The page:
Summer fishing seasons are now in full swing, requiring anglers to make some tough decisions about how to spend their time on the water. Salmon, steelhead, crab, as well as trout, bass and walleye – all are now available for harvest in various waters around the state.
But for thousands of anglers, nothing beats the thrill of reeling in a big, feisty salmon. Many are doing just that as waves of chinook move south along the Washington coast, then east into Puget Sound, coastal streams and the Columbia River.
“With strong salmon runs predicted for the Columbia River this year, ocean fishing is likely to remain productive through the summer,” said Wendy Beeghley, Washington Department of Fish and Wildlife (WDFW) fisheries biologist for the coastal region.
Several marine areas of Puget Sound open to salmon fishing July 1, joining other salmon fisheries already in progress. Some westside rivers, including the Bogacheil, Calawah and Nisqually, also open for salmon fishing that day, and Baker Lake in Whatcom County opens for sockeye salmon July 10.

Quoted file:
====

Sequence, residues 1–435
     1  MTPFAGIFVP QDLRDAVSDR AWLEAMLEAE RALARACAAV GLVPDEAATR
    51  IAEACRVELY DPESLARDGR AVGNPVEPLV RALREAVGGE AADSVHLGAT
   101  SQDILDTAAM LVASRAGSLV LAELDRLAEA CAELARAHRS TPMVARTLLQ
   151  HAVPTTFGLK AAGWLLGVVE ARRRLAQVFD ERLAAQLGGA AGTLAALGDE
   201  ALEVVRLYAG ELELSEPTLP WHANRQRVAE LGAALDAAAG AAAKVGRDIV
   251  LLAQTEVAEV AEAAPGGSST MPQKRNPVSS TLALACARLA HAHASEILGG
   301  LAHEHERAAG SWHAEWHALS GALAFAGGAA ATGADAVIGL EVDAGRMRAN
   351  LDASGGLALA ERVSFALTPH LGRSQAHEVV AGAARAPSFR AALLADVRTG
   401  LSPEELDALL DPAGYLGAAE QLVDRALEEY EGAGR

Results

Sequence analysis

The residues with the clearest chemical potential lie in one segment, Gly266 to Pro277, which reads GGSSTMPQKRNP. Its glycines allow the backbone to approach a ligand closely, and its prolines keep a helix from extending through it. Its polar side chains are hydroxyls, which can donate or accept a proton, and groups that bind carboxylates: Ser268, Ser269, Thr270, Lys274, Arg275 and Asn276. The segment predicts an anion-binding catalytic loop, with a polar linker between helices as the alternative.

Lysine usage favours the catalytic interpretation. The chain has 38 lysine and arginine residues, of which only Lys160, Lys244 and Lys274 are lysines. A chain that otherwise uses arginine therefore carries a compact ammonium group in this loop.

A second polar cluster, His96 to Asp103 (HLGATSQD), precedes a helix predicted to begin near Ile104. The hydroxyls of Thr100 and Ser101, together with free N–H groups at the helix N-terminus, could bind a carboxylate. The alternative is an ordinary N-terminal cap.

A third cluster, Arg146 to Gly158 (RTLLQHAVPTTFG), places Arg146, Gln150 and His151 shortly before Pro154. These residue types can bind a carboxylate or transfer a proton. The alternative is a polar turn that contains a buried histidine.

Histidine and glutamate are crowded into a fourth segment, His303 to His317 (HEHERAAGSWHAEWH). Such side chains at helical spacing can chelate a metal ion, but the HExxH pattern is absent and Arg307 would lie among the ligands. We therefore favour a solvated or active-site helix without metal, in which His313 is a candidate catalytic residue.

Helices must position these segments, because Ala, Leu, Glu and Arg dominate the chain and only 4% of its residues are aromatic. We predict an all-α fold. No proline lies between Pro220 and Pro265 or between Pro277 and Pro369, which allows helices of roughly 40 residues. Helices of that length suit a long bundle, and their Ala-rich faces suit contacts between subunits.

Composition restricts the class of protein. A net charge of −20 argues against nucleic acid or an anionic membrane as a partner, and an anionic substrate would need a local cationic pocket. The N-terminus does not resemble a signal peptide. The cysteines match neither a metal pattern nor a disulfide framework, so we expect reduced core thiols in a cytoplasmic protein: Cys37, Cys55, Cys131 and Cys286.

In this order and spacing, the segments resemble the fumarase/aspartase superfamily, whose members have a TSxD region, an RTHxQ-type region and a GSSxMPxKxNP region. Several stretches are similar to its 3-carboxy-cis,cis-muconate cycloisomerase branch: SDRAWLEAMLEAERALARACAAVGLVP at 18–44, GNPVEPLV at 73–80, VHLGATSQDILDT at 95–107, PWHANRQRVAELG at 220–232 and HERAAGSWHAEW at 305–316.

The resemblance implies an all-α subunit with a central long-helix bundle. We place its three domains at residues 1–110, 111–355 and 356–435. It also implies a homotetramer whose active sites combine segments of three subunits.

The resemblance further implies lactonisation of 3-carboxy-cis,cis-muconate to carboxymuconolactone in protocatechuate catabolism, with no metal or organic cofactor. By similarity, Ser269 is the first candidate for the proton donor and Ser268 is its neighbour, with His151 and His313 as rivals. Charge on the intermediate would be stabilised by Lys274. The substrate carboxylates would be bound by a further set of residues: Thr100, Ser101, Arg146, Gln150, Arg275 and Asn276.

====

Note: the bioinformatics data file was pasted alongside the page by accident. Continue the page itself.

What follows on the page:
Summer steelhead are another option – notably in the Columbia River and many of its tributaries – where 281,000 adult fish are expected to move upriver in the coming weeks. As always, anglers are required to release any wild, unmarked steelhead they intercept in the fishery, which extends from the mouth of the Columbia to the Canadian Border.
Fishing regulations for these and other fisheries are described in WDFW’s Fishing in Washington rule pamphlet, available from sporting goods stores and posted online at http://wdfw.wa.gov/fishing/regulations/ .
Rather catch some crab? All but one marine area in Puget Sound will be open for crab fishing beginning July 3. The exception is Marine Area 7, where the crab fishery opens July 17 in the area’s southern portion (San Juan Islands/Bellingham) and Aug. 15 in the northern portion (Gulf of Georgia). See http://wdfw.wa.gov/fishing/shellfish/crab/ for all crab-fishing rules.
Meanwhile, WDFW land managers are urging everyone planning to spend time outdoors this month to take precautions to avoid sparking a wildfire. Unattended campfires, fireworks, hot vehicle mufflers, careless disposal of cigarettes and outdoor burning are all common causes of wildfires in the state.
Fireworks are prohibited at all 32 WDFW wildlife areas and 700 water access sites around the state. The Washington Department of Natural Resources (DNR) has also issued a summer burn ban that prohibits campfires in most WDFW forested areas